I have about 24 hours to pull together a reasonable attempt at a PhD bursary application. No pressure there then.

For the purposes of this application I am rehearsing what may be the research ‘question’ that I would interrogate and keep coming back to the same, to me key question, of where ‘knowledge’ may be said to reside.


James Elkins in a draft of a new chapter in his second edition of ‘Artists and Phds’. Provisionally titled ‘ Fourteen ways to mistrust the PhD in studio art’ touches on this in a subsection devoted to the question of ‘knowledge’ and most pertinently for me categorises it as the following two options:

C. How is this knowledge extracted from, read into, or interpreted in, visual art?


If “artistic knowledge” is partly outside of language, then it presents a problem for assessment and what are called in the UK “learning outcomes.” The fundamental choice here has to do with how the “artistic knowledge” is imagined to be related to the art object. There are fundamentally two choices here:


(i) “Artistic knowledge” inheres in the visual object or practice, so that the object or practice is itself a form of knowledge, or


(ii) “artistic knowledge” is interpreted to exist in the object or practice, so that discourse reveals the art’s contribution to knowledge.

In a separate facebook posting he also said the following:

Is art research? Is it knowledge?
Bruce M. Mackh asked me these two questions:
1. Is “Arts Practice” research?
2. Can the products of “Arts Practice” be original contributions to knowledge?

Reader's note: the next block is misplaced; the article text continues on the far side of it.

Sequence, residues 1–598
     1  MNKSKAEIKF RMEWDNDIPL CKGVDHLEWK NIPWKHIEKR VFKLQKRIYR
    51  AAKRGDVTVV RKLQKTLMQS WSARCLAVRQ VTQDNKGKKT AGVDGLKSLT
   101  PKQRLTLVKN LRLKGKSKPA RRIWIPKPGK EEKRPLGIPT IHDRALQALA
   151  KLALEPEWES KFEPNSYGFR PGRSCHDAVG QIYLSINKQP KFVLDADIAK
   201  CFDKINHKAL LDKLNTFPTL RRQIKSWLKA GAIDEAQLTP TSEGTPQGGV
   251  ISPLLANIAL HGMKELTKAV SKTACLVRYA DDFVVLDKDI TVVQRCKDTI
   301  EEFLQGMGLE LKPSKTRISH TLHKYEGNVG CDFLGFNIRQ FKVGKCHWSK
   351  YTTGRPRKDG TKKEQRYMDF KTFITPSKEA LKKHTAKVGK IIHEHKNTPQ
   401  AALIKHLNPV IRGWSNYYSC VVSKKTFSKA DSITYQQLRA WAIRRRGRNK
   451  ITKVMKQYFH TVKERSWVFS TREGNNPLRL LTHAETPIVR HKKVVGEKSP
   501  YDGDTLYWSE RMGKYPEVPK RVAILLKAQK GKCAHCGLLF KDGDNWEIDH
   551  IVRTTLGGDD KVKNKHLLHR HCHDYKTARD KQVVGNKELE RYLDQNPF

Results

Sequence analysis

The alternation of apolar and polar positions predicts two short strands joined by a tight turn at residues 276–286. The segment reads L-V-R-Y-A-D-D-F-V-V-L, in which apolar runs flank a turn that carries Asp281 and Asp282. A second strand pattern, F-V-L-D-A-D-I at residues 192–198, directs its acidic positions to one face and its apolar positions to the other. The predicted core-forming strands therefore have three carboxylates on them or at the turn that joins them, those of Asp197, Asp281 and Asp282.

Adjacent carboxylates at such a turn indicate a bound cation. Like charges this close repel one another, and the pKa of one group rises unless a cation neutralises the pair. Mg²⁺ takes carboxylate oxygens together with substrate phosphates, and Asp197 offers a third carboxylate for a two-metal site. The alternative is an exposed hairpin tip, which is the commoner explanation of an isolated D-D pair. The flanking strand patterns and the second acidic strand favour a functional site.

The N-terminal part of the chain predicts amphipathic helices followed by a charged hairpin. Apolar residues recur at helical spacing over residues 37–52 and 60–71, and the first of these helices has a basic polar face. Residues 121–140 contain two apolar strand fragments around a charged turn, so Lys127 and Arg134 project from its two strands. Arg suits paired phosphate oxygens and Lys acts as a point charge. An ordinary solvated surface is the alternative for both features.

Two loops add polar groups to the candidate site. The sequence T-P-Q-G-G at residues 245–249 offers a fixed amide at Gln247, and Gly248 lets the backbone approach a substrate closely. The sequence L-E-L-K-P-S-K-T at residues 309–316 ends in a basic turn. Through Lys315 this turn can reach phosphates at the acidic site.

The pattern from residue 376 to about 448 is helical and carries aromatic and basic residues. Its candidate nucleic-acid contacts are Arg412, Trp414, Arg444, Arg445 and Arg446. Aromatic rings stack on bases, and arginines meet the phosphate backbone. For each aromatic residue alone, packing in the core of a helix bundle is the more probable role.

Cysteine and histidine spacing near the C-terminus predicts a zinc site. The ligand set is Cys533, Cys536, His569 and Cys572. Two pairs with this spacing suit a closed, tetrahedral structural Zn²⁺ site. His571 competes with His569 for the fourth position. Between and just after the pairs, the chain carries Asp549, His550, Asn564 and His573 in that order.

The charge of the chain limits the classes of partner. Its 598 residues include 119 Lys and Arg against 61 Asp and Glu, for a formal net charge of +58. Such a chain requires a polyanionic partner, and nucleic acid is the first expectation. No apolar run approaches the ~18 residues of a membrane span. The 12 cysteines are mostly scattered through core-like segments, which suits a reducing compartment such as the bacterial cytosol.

At the moment I am revising all those posts from earlier this year, for the new edition of the book “Artists with PhDs.” So these questions were timely. He made it necessary for me to try to answer in a very succinct way. Here are my answers — any thoughts?

1. Is “Arts Practice” research?
It hasn’t been until the 20th century. It’s important to bear in mind the relatively recent development of the notion that art is research: it comes from post-war academic pedagogy, and especially the structure of UK universities, which require new fields to present themselves as being aimed at “new knowledge” by way of “research.” This isn’t to say some art practice is not research: it’s to say the great majority isn’t.

2. Can the products of “Arts Practice” be original contributions to knowledge?
If you can give me one example of art research that is comprehensible as knowledge, I’ll say yes. Until then, I’ll say that art can often be understood as if it were producing knowledge: but that “knowledge” is insight, expression, understanding, feeling, affect, constellations of objects, unexpected juxtapositions, new sensory configurations. Note that your question asks if artworks can be knowledge. The other option is that the lead to knowledge, or can be interpreted as constituting knowledge. That leads in entirely different directions.